If this sounds familiar, you may benefit from switching to electronic account statements.
Electronic statements (eStatements) or otherwise called Paperless Statements are similar to paper statements, except for the fact that they’re delivered electronically. At the end of each statement period, which is generally monthly for checking accounts and quarterly for basic savings accounts, you’ll receive a notification from the credit union informing you that your statement is ready to view through the online banking portal, app, or by downloading from a secure site. Once you access the eStatement, you’ll find it has all the information you’re used to receiving in your paper statements. You can also access your eStatement by logging into your online banking site or app at any time throughout the month.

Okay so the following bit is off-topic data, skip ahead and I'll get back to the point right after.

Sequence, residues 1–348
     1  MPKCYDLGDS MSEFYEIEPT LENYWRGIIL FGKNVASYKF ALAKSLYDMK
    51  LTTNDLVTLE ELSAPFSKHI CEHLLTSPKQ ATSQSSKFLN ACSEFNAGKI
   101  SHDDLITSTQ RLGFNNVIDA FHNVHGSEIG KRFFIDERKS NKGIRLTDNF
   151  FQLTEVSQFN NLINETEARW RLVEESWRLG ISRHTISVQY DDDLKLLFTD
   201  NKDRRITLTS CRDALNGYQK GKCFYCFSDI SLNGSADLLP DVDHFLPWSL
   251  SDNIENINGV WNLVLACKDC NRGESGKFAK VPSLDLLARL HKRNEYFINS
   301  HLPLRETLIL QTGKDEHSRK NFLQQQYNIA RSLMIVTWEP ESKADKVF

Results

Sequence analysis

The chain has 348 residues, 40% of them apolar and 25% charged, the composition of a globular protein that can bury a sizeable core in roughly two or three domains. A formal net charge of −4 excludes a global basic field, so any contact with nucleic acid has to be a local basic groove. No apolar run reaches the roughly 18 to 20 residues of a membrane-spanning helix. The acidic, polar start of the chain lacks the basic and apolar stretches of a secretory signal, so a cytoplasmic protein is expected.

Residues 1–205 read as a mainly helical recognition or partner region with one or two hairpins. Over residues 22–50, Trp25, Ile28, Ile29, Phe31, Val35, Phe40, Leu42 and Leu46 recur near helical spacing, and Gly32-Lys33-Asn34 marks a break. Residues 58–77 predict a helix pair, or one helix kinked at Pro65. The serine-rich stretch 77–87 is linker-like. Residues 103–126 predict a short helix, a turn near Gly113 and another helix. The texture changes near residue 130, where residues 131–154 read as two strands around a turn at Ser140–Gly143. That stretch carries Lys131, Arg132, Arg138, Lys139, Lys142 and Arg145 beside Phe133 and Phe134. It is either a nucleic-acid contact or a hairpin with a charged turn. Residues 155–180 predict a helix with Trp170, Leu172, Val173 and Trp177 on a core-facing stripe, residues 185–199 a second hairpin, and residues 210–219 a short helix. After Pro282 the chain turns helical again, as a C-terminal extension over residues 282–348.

Quick, convenient and clutter-free, eStatements are the way of the future. Here are six reasons to consider switching to eStatements.
1. Check your accounts at a glance
With eStatements, there’s no need to wait for your monthly statement to arrive in the mail. Just a few clicks and you get your account statement at any time, from anywhere, using the mobile device of your choice. Some financial institutions also offer members the option of signing up for financial alerts, such as a warning when your account is running low and in danger of being overdrawn. With eStatements, managing your accounts is easy.
2. Clear out the clutter
Why bother with piles of paperwork when you can access your accounts online? It’s neater, cleaner, and helps cut down on the correspondence you have flooding your mailbox. You’ll also save time sorting through papers when you can find your last account cycle balance with just a few quick swipes.